UI - 21454922
AU - O'Malley MS; Shaheen NJ; Crosby MA; Murray SC; Klenzak JS; Galanko JA;
TI - Singla A; Ransohoff DF; Sandler RS; Gaither J; Paskett ED Colorectal cancer screening in North Carolina. Community clinicians' perspectives.
SO - N C Med J 2001 Sep-Oct;62(5):292-7
AD - UNC Lineberger Comprehensive Cancer Center, CB#7295, Chapel Hill, NC 27599-7295, USA. firstname.lastname@example.org
UI - 21454923
AU - Conlisk E
TI - Colorectal cancer in North Carolina. Risk factors, screening behaviors, incidence, stage at diagnosis, and mortality.
SO - N C Med J 2001 Sep-Oct;62(5):298-303
AD - Faculty of the School of Natural Science, Hampshire College, Amherst, MA 01002, USA. email@example.com
UI - 21459262
AU - Fitzgerald RC; Saeed IT; Khoo D; Farthing MJ; Burnham WR
TI - Rigorous surveillance protocol increases detection of curable cancers associated with Barrett's esophagus.
SO - Dig Dis Sci 2001 Sep;46(9):1892-8
AD - Havering Hospitals NHS Trust, Romford, Essex, UK.
Esophageal adenocarcinoma is increasing in incidence and has a high mortality unless detected early. Barrett's esophagus is the only known risk factor for this cancer; however, whether endoscopic surveillance reduces morbidity and mortality is controversial. Endoscopic cancer surveillance programes for Barrett's esophagus are not routinely practiced in the UK, and this is the first study to examine whether a rigorous surveillance protocol increases the detection rate of early oesophageal cancer. All patients with a diagnosis of Barrett's esophagus or associated adenocarcinoma attending Havering Hospitals NHS Trust between 1992 and 1998 were included. A retrospective analysis was made of patients undergoing informal surveillance (96 patients, 1992-1997) and a prospective analysis was conducted following the implementation of a rigorous protocol (108 patients, 1997-1998). Over the same time periods Barrett's associated cancers diagnosed in patients not undergoing surveillance were analyzed (262 patients 1992-1997, 98 patients 1997-1998). From 1992 to 1997, one case of high-grade dysplasia was detected (N = 96, 1%). From 1997 to 1998, two cancers and three high-grade dysplasias were detected during rigorous surveillance (N = 108, 4.6%). Three of these patients have had curative esophagectomies (one high-grade dysplasia and two T1,N0,M0 tumors). In 1992-1997, 10 patients were found to have cancer in previously undiagnosed Barrett's esophagus (N = 262, 3.8%). Of 3/10 cancers treated surgically, one patient had a curative procedure (T1,N0,M0). In 1997-1998, nine patients were found to have de novo Barrett's esophagus cancer (N = 88, 10.2%) and three had curative resections (T1,N0,M0). Two of the patients with T1 lesions had no endoscopic evidence of cancer but were detected as a result of the multiple biopsy protocol. In conclusion, a rigorous biopsy protocol increases the detection of early cancer in Barrett's esophagus.
UI - 21448541
AU - Wolf RL; Zybert P; Brouse CH; Neugut AI; Shea S; Gibson G; Lantigua RA;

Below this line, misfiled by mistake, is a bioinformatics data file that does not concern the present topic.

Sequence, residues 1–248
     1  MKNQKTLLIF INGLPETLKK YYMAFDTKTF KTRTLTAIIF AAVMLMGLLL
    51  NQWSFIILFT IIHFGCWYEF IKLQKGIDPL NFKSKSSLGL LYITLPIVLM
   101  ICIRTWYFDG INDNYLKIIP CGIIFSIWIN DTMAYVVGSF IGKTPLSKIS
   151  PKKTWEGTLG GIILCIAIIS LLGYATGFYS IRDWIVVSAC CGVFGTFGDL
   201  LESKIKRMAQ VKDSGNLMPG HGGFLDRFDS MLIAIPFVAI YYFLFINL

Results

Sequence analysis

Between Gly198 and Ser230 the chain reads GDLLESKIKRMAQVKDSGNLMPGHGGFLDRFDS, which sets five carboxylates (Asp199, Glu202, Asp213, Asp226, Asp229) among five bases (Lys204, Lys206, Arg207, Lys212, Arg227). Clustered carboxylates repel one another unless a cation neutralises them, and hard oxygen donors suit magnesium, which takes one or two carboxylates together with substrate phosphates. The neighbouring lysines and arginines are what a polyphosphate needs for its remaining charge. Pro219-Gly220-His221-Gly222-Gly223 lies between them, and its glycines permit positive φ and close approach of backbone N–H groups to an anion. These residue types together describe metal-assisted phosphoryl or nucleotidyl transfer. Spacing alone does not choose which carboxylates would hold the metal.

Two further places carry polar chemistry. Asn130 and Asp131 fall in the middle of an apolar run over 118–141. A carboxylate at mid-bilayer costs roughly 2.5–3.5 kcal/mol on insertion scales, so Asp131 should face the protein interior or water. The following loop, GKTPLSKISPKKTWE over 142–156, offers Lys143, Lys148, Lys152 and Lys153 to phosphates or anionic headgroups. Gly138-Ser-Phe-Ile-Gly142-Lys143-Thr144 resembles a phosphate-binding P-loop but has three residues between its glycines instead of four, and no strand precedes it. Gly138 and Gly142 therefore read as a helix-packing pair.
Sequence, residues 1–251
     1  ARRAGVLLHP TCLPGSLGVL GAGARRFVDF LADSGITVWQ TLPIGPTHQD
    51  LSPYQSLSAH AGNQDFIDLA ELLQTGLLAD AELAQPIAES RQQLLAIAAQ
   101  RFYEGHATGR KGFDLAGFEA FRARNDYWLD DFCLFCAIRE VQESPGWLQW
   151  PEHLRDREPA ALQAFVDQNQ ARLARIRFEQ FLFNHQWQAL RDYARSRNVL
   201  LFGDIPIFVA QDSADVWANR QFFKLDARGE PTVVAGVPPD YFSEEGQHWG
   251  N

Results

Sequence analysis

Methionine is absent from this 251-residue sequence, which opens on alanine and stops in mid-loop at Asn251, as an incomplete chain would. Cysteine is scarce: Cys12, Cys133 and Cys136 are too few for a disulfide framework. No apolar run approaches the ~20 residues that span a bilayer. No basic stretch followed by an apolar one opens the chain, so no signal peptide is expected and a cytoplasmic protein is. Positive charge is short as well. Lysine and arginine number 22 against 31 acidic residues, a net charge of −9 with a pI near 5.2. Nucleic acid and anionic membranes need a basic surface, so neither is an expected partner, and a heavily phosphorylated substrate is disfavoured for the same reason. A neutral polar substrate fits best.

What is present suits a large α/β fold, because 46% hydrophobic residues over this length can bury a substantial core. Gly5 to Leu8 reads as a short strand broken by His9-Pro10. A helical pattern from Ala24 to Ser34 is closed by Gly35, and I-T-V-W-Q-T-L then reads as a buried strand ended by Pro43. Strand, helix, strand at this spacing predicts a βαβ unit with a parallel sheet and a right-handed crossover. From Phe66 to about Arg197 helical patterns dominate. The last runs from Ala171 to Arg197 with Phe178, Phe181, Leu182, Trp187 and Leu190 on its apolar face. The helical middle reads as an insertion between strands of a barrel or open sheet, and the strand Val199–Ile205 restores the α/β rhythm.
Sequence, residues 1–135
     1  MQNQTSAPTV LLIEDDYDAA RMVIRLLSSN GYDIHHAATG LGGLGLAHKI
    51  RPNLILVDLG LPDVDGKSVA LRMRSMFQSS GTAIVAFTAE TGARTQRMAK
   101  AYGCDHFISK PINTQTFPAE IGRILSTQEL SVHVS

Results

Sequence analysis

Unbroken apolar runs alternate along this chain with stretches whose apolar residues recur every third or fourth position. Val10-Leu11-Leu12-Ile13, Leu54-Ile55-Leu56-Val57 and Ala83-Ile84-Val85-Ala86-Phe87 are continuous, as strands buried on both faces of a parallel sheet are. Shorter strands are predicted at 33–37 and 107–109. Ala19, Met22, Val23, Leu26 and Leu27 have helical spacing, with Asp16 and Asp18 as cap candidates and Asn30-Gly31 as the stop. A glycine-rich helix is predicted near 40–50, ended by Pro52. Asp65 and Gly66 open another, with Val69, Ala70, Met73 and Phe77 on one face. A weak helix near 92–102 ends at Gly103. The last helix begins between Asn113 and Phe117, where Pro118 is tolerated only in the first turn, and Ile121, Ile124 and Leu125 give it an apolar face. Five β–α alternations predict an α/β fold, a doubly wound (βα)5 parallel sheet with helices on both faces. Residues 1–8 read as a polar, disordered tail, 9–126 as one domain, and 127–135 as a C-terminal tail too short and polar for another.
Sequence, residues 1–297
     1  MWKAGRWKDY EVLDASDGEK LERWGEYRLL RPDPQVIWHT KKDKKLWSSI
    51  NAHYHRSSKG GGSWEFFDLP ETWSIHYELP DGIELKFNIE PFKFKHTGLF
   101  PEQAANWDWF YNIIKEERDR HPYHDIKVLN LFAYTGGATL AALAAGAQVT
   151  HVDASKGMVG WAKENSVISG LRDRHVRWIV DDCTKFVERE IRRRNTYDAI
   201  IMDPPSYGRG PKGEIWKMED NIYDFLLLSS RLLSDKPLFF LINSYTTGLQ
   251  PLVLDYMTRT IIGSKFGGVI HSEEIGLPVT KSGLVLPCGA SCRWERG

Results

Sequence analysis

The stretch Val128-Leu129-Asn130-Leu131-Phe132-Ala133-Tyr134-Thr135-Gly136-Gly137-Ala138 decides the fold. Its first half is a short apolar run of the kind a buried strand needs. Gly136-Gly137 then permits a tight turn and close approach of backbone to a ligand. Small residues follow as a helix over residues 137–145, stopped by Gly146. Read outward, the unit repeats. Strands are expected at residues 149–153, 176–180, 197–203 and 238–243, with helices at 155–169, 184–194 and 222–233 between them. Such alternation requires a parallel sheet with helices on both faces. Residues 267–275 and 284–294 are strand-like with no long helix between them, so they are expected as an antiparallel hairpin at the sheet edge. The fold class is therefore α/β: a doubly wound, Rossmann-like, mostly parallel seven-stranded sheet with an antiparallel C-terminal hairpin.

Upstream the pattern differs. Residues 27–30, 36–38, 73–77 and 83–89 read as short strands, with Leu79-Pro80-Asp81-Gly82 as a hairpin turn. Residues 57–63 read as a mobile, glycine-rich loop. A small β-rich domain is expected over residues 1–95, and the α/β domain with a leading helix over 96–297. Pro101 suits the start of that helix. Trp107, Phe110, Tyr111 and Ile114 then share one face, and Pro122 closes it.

TI - Basch CE Knowledge, beliefs, and barriers relevant to colorectal cancer screening in an urban population: a pilot study.
SO - Fam Community Health 2001 Oct;24(3):34-47
AD - Department of Health and Behavior Studies, Teachers College, Columbia University, New York, New York, USA.
A sample of 115 urban, working-class, predominantly minority men and women was interviewed by telephone to assess knowledge, beliefs, and barriers relevant to colorectal cancer (CRC) and CRC screening. More than half (53.9%) were unable to name a CRC screening test. Misconceptions were common. Dispelling inaccurate beliefs, establishing an individual's preference for fecal occult blood tests or flexible sigmoidoscopy, and helping individuals take a proactive role in the receipt of CRC screening are important goals for health education efforts aimed at increasing rates of CRC screening. Participants' willingness to engage in detailed telephone conversations about CRC and CRC screening was encouraging.
UI - 21439162
AU - Mahavni V; Sood AK
TI - Hormone replacement therapy and cancer risk.
SO - Curr Opin Oncol 2001 Sep;13(5):384-9
AD - Division of Gynecologic Oncology, Department of Obstetrics and Gynecology, Holden Comprehensive Cancer Center, University of Iowa Hospitals and Clinics, Iowa City, Iowa, USA.
The advantages and disadvantages of hormone replacement therapy (HRT) have been debated nearly as long as the treatment has been in use, especially the relationship between HRT and risk of cancer development. It is hoped that recently published studies will shed more light on this complex issue. Several large population studies suggest that there may be a small but increased risk of developing breast cancer in HRT users, especially in estrogen and progesterone users. This risk appears most pronounced after 5 years of HRT use. Endometrial cancer, which has long been associated with unopposed estrogen use, can be successfully prevented with the addition of progestins to the HRT regimen, provided it is given for at least 10 days each month. Estrogen replacement therapy has also been shown to significantly reduce the risk for colon cancer but not rectal cancers. Finally, a large prospective study has linked HRT with an increase in ovarian cancer mortality.
UI - 21452080
AU - Rakowski V; DeDecker L; Westendorp J
TI - Knowing is most of the battle.
SO - Mich Health Hosp 2001 Sep-Oct;37(5):38
AD - Cancer Control, American Cancer Society, Great Lakes Division, Lansing, USA.